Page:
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Rental property is a good investment only if you do it RIGHT. There are many people who bought good rental property and made money from it, but there are also some people who lost a lot of money investing in rental property because they don’t know the dos and don’ts of rental property investing.
So, when it comes to buying rental property, what is considered a good rental property? What are the biggest mistakes you should avoid?
Rental Property Investing Rules
Good property investors always have a set of rules that they live by when it comes to choosing which property to buy.
When it comes to investing, you should NEVER put your hard-earned money into an investment purely based on tips, rumors or advice from others.
What you should do is to do your own homework and make an informed investment decision by yourself based on your own conviction.
Why do I say this?
If you are not involved in the investment decision process, it’s going to be very difficult for you to manage your property investment because it’s highly likely that you will have to seek help or ask for advice whenever a problem, big or small, arises.
And this is the HARD truth.
Nobody is going to care more than your money than you yourself, so you should take responsibility for your own money and investments.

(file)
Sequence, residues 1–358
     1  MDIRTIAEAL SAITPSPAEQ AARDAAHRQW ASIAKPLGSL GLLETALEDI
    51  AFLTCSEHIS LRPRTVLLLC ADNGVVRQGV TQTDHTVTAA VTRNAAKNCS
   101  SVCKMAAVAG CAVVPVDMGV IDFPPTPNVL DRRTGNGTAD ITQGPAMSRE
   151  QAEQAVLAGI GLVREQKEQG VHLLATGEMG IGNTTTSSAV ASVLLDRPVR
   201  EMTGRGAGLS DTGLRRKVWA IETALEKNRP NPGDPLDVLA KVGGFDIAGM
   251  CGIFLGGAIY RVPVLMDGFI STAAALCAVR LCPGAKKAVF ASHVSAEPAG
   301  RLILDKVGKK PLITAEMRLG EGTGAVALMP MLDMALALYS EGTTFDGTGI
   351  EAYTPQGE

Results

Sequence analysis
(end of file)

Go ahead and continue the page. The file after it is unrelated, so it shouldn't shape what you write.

There will be many questions that you need to know answers to.
Here are just some examples:
- Is there any renovation required for the property? If yes, how do you do it and how much is it going to cost?
- How much tax do you need to pay?
- How can you find tenants?
- How much rental should you charge your tenant every month?
- What should you do if you cannot find tenants?
- When should you sell your rental property and how much should you sell it for?
If you feel a bit overwhelmed with all these questions, then it’s good because this is the reality of investing in rental property.
It is not so easy as buying stocks where you just need to click a few buttons.
There are so many other things that you need to take care of on an ongoing basis after you have bought your rental property.
That will be a topic for another blog post.
Now, let’s get back to how to choose your first rental property.
So, what factors should you consider when you are evaluating whether a rental property is worth buying or not?
How To Choose Your First Rental Property